A little while back, U.S. based Athena Healthcare published a white paper titled “5 Elements of a Successful Patient Engagement Strategy”. The thing that initially caught my attention was this simple, yet important, process flowchart.
The evolving concept of “Patient Engagement” encompasses a very broad range of issues, including the need for patient feedback to influence decision making, with the ultimate goal of improving overall outcomes. The graphic above is therefore especially relevant when considering Patient Experience Feedback Programs. It illustrates the need for genuine commitment at the practice leadership level and a buy in from all stakeholders, if the goals are to be achieved.
The Five Elements.
1. Define your organisation’s vision for patient engagement.
First, understand where you are and where you want to be in terms of patient engagement. Discuss what patient engagement means to your senior leadership, staff and patients. Ask “What would be important to me, if I was our patient?”
2. Create a culture of engagement.
Obtaining practice-wide support is critical for successful patient engagement, but it doesn’t have to be hard. When your practice’s leadership, staff and providers have been involved in creating the patient engagement vision, they are more likely to be enthusiastic about implementing it. Rely on policies and procedures when moving forward with patient engagement.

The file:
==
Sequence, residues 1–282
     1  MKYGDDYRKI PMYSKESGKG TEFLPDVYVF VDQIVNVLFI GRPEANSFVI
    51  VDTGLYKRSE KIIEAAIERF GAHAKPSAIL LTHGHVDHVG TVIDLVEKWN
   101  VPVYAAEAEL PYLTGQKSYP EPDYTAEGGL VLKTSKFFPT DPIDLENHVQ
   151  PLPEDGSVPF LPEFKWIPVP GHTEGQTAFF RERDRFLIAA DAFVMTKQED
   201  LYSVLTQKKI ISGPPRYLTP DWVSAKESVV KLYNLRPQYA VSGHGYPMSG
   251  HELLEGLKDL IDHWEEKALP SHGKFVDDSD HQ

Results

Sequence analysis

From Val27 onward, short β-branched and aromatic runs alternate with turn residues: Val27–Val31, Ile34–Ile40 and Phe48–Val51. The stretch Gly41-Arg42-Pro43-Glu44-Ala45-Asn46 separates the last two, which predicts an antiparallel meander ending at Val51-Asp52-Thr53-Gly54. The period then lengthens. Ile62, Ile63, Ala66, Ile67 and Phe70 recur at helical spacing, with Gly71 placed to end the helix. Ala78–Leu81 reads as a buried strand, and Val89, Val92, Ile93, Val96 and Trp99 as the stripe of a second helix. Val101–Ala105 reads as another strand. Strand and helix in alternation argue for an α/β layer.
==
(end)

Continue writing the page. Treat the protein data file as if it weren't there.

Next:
3. Employ the right technology and services.
Consider what communication processes are most appropriate for your patients, and are likely to achieve a high level of participation.
4. Empower patients to become collaborators in their care.
Provide patients the opportunity to express frank views and opinions of their treatment and interaction experiences, in a manner that is non-confrontational.
5. Chart progress and be ready to change and adapt.
Use your patient engagement vision to set achievable targets and ways to measure progress. Where there is clear evidence that particular issues are not achieving optimal satisfaction scores, revisit operational procedures and develop a remedial action plan.
“What you can measure, you can manage.” (The McKinsey Maxim)